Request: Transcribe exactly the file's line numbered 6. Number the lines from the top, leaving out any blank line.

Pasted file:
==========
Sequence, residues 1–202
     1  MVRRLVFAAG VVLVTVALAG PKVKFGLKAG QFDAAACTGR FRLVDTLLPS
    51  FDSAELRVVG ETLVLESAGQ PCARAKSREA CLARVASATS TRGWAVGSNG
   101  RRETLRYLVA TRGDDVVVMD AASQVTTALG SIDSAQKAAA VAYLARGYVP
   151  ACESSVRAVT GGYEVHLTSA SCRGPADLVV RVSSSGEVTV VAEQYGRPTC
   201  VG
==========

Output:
   201  VG